Tom Brokaw said politics ain’t beanbag at the 2016 Iowa Caucus on NBC TV.
It is response to politicians who complain about the rough and tumble of the campaign trail, below-the-belt shots from their opponents or unfair treatment from the media.
It was first uttered by Mr. Dooley, an Irish-American character created by writer Finley Peter Dunne in an 1895 newspaper column. The full quote: “Sure, politics ain’t bean-bag. ‘Tis a man’s game, an’ women, childer’, cripples an’ prohybitionists ‘d do well to keep out iv it.”
Pundits have kept the expression alive. Just before Tuesday’s election, syndicated columnist Mark Shields wrote: “If Nov. 4 turns out to be a blue-ribbon day for Republicans, Obama will painfully learn once more the timeless wisdom of Peter Finley Dunne.” And after the election, The New York Post’s Bob McManus attacked New York Gov. Andrew Cuomo (D) for running a campaign that was “thuggish, hypocritical and utterly without principal” before adding: “Big deal: Politics ain’t beanbag, as the Irish used to say, and Andrew Mark Cuomo woke up Wednesday morning sitting right where it matters most – in the catbird seat.”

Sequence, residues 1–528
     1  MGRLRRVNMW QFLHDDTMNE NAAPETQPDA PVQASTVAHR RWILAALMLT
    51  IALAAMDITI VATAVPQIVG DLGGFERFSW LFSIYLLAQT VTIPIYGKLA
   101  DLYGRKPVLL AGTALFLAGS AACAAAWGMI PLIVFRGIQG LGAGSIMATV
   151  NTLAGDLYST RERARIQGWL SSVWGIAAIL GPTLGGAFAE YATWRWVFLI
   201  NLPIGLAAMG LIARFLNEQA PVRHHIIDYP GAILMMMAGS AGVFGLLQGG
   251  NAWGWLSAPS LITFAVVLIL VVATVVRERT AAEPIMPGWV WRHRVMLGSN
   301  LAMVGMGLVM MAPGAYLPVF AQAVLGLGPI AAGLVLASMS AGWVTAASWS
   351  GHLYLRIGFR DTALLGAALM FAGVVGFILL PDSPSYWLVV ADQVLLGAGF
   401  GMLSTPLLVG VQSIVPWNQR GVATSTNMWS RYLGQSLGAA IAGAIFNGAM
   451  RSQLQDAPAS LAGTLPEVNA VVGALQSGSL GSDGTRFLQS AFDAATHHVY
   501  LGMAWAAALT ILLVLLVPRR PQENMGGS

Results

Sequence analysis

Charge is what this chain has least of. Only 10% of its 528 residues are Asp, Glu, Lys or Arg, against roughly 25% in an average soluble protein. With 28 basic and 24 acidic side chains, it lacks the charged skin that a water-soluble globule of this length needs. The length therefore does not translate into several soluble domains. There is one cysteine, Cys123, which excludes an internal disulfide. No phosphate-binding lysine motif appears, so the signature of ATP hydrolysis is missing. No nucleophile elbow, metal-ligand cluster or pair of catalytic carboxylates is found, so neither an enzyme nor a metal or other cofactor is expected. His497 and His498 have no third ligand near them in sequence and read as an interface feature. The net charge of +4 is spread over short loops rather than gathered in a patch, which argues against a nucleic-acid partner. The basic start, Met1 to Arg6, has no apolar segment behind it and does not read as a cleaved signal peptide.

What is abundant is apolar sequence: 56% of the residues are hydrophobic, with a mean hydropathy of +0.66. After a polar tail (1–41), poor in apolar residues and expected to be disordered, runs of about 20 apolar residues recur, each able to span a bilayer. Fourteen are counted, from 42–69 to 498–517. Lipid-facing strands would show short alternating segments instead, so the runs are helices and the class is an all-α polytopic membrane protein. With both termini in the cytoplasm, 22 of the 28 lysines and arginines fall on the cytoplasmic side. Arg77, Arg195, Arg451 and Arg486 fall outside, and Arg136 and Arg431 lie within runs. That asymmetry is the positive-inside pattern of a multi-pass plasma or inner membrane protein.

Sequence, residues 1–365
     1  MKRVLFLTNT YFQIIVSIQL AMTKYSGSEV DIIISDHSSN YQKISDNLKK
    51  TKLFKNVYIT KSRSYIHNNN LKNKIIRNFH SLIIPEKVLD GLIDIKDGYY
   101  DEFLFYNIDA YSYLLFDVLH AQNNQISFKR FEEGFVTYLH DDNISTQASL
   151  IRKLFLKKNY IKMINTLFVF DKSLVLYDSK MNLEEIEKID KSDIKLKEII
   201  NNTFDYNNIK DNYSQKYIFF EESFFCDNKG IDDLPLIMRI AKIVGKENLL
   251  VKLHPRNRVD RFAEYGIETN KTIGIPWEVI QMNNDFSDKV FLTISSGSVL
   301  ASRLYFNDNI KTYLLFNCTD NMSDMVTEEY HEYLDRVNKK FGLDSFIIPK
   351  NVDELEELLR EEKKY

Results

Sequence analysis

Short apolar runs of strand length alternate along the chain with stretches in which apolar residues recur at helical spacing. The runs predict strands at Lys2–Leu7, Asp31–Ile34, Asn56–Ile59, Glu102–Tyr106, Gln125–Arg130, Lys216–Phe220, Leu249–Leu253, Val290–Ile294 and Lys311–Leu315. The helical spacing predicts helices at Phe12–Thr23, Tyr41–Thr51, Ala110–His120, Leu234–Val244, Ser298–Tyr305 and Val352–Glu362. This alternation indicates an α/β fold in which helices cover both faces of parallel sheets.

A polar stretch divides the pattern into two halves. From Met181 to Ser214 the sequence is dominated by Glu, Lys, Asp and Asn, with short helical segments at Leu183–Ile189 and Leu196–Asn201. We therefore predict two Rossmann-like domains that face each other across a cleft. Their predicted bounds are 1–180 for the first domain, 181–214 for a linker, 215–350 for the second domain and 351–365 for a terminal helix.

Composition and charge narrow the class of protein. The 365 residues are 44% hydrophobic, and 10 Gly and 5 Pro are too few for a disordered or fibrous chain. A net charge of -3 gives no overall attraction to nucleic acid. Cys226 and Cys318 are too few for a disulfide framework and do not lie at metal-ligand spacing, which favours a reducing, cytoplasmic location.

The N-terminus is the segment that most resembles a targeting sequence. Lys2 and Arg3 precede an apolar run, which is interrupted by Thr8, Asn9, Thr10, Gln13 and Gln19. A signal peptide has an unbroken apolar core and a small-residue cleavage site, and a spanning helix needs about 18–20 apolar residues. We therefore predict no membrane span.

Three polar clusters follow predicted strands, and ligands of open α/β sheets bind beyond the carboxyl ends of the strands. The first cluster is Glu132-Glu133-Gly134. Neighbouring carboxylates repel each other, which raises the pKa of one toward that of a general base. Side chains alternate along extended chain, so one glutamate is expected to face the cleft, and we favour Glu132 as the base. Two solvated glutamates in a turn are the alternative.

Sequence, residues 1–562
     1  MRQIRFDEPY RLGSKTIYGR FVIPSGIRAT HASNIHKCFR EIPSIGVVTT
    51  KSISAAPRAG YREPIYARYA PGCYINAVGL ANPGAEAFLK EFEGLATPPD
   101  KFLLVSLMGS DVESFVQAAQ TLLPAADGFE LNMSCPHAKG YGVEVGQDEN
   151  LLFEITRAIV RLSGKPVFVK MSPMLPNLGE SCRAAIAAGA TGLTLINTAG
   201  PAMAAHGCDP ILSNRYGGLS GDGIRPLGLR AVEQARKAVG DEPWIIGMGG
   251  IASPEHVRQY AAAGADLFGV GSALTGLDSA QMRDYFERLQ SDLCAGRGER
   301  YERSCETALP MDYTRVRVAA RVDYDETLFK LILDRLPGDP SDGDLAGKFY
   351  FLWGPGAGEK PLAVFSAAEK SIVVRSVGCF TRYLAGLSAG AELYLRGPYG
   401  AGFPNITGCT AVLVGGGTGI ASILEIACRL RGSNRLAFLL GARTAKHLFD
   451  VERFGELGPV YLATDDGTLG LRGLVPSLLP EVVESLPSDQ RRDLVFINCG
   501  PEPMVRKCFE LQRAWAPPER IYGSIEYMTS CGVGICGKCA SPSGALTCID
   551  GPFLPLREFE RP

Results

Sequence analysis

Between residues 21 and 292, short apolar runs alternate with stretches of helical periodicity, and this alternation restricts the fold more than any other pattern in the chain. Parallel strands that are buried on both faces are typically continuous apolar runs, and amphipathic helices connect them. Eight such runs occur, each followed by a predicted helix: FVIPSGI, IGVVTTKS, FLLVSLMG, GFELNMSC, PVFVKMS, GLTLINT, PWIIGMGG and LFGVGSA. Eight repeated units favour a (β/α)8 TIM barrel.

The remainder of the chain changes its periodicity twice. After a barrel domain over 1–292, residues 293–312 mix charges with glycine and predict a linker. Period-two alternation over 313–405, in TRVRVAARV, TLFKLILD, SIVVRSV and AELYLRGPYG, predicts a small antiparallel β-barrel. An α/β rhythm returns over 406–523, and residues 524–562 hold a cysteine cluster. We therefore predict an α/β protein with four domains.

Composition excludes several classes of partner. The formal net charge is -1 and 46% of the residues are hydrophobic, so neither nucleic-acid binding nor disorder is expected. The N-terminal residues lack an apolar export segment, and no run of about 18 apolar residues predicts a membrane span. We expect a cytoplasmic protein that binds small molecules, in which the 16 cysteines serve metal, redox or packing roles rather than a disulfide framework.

Source: Political words have the power to confound, obscure, and even inspire. Taegan Goddard's Political Dictionary takes apart the language of politics to uncover its deeper meanings and broader significance. And http://www.csmonitor.com/USA/Politics/Politics-Voices/2014/1114/Politics-ain-t-beanbag